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Monday 20 June 2011

Simon Boccanegra at the ENO

Simon Boccanegra

Not sure what the official Verdian party line is on this, but I find Simon Boccanegra to be Verdi's most musically satisfying score. Dramatically too, despite the complexity of the story, it delivers something quite unlike any other work of Verdi's. Overall it's probably my favourite of Verdi's operas. I'm not sure if this a quixotic choice. It's not thrilling in the obvious ways that Traviata or Othello are, but it has such gravitas and depth. The music is extremely beautiful, both harmonically and in the darkly glinting textures that Verdi conjures in his extraordinary orchestration, its steely glow supporting the predominantly low voices of the cast. Not much of the vocal writing is glamorous, but so much of the music is memorable, soulful and deeply affecting, despite it hardly being Verdi's most tuneful score. Amelia though is one of Verdi's most vocally grateful, if demanding lyric soprano roles.

Dmitri Tcherniakov is both the director and set designer of this production, which he has chosen to update to the 50s/60s for the prologue and then 80s minimalism (maybe?) for the opera main. After the shadows and bright lights of the prologue, the production sinks into a sea of cool grey and office furniture, evocative of nothing (except perhaps faceless bureaucracy). But this is a score painted in thunderous hues and subtly smoking shade, shot through with gently lapping colour and warmth, not drab, unrelenting battleship grey. It's not pleasant to watch, and presumably Tcherniakov is trying to focus on the human relationships between the characters, relying on the acting abilities of the singers to make the emotional impact that the opera can provide. Unfortunately, the acting is exceptionally hammy from virtually everyone so this approach falls flat on it's face, and indeed the further through the opera goes, the more static and boring it becomes; by the end, both singers and director seem to have given up entirely. Some things do stand out. Tcherniakov covers scene changes with a screen which shows text explaining the interceeding events - this opera is famously confusing, giving mercilessly few clues as to the complex machinations of the plot. So in a way this was welcome, but it happened so often, and usually took so long, that it became a bit laughable and indeed people started to giggle by the third or fourth time it happened. The main directorial touch that I found interesting was the freeze frame at the end of the prologue - the moment of crisis when Simon Boccanegra finds out about the death of his wife, and becomes the doge almost simultaneously. This for Tcherniakov is the defining point in Boccanegra's life and there are multiple flashbacks by way of projections and paintings of the event which occur at key moments throughout the opera. In the final scene for instance, Boccanegra seems to be wistfully looking at the painting before throwing it away in disgust - a nice idea, but here clumsily executed so that what could be a moving moment becomes another instance of scenery chewing. The scene where Amelia and Boccanegra meet is similarly devoid of emotion, the two of them simply stand facing each other, bellowing their lines. In the final reconcilliation, Boccanegra seems to just abdicate, again lessening the impact of this beautiful moment.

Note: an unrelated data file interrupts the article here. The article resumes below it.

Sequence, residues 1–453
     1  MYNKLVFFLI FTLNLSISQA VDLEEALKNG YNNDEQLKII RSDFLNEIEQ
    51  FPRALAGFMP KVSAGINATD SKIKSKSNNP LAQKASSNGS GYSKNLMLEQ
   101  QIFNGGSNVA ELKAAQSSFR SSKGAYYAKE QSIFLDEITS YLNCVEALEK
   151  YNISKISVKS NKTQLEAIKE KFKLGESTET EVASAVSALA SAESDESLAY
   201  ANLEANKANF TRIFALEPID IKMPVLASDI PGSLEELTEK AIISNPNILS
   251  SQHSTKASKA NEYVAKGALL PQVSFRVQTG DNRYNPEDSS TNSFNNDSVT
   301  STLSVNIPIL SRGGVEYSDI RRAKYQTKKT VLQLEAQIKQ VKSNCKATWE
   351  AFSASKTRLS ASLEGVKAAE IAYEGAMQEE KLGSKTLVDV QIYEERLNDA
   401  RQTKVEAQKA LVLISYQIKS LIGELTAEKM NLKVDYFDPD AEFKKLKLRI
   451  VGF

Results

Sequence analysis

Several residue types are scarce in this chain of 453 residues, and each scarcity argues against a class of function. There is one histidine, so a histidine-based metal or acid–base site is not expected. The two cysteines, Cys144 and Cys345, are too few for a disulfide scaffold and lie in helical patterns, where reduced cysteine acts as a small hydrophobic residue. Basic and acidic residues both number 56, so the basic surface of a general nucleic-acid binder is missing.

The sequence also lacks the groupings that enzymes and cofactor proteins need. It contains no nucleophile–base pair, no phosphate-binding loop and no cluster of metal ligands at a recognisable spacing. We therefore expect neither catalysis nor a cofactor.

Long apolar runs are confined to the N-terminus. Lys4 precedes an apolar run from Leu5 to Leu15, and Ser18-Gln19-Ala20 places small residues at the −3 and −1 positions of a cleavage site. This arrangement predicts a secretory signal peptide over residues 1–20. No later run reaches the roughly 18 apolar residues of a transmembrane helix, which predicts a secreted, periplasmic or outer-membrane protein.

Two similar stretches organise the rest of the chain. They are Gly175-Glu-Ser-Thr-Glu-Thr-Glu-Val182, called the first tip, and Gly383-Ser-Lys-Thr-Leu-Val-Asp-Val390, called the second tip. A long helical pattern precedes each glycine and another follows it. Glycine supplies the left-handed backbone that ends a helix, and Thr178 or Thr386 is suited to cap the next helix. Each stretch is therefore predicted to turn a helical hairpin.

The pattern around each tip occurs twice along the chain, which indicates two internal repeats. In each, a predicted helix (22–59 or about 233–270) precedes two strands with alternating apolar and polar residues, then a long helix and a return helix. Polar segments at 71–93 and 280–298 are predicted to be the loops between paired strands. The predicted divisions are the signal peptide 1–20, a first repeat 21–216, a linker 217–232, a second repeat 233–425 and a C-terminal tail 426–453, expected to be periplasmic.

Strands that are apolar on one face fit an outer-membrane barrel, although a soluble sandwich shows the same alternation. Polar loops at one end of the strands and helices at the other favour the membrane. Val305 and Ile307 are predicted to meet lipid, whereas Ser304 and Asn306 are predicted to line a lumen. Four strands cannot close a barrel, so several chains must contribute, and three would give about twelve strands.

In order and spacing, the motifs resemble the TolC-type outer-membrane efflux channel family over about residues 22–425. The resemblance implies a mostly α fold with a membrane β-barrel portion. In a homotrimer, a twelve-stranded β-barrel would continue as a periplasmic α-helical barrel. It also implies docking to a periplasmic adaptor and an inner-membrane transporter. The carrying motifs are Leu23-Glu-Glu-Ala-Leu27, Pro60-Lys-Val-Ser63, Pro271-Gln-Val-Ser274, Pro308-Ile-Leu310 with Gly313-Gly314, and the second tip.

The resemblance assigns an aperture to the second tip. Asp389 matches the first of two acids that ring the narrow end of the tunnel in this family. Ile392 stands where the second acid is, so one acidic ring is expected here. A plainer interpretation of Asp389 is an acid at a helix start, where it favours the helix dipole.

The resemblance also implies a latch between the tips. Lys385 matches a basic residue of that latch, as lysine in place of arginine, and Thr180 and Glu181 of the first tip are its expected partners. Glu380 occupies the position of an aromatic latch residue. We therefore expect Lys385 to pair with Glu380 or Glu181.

The singing I thought was OK though not at all helped by the translation which sounded completely antiquated and out of place in the modern context of the staging. I wish the ENO would stop this. Maybe I'll start a campaign. Bruno Caproni does not have a very pleasant voice, and actually all four of the low male roles were sung in that horrible "I can barely hear the note because the vibrato is so mechanical, metallic and wide" style that so many basses seem to favour. I don't understand why its acceptable. OK, so it wasn't that bad all the way through, but very often it was. The acting ranged from non existent to risible. This sounds like I'm panning it - I didn't hate it, it just wasn't emotionally engaging. Rena Harms is not an Amelia - this is a role that demands the control, beauty and warmth of a Te Kanawa or Fleming (ideally), and though that would be an extraordinary luxury at the ENO, one wonders about some of the ENO's casting decisions. The Cardiff Singer of the Year competition that reached its climax this weekend is surely proof enough that there are plenty of full lyrics out there who are talented enough and early enough in their careers to sing for the ENO. Anyway, rant aside, Rena Harms just doesnt have the requisite technique or basic timbral beauty for this part, and though she sang all the notes, it never sounded very easy for her. Mark Richardson looked embarassingly chubby in his skin tight biker leathers which he never seemed to step out of, but he tackled the part well, even if again, the acting let him down.

When will London see Boccanegra again? Domingos recent ROH performance was not at all to my taste - the voice has none of the shadowy gravitas that the role requires - age hasn't darkened the tenoral colour enough (though no one would seriously imagine that it would). I wonder who could do the part justice?

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